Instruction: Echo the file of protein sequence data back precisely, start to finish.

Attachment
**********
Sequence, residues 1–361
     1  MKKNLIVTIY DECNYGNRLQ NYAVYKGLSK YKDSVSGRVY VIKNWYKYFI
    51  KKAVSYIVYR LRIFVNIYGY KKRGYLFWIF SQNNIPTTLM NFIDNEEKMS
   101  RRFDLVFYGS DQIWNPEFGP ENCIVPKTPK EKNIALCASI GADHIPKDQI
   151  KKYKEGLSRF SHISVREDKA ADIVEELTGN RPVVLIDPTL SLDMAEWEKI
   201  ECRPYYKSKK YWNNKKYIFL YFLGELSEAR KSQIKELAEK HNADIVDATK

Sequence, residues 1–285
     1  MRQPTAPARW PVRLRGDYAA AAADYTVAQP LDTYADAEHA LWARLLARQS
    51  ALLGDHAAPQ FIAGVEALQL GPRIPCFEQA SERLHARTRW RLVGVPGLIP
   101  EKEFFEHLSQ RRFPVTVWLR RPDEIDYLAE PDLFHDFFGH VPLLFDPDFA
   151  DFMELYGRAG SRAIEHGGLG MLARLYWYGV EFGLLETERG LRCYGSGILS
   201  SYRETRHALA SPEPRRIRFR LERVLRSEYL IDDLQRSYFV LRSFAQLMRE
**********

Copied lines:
Sequence, residues 1–361
     1  MKKNLIVTIY DECNYGNRLQ NYAVYKGLSK YKDSVSGRVY VIKNWYKYFI
    51  KKAVSYIVYR LRIFVNIYGY KKRGYLFWIF SQNNIPTTLM NFIDNEEKMS
   101  RRFDLVFYGS DQIWNPEFGP ENCIVPKTPK EKNIALCASI GADHIPKDQI
   151  KKYKEGLSRF SHISVREDKA ADIVEELTGN RPVVLIDPTL SLDMAEWEKI
   201  ECRPYYKSKK YWNNKKYIFL YFLGELSEAR KSQIKELAEK HNADIVDATK

Sequence, residues 1–285
     1  MRQPTAPARW PVRLRGDYAA AAADYTVAQP LDTYADAEHA LWARLLARQS
    51  ALLGDHAAPQ FIAGVEALQL GPRIPCFEQA SERLHARTRW RLVGVPGLIP
   101  EKEFFEHLSQ RRFPVTVWLR RPDEIDYLAE PDLFHDFFGH VPLLFDPDFA
   151  DFMELYGRAG SRAIEHGGLG MLARLYWYGV EFGLLETERG LRCYGSGILS
   201  SYRETRHALA SPEPRRIRFR LERVLRSEYL IDDLQRSYFV LRSFAQLMRE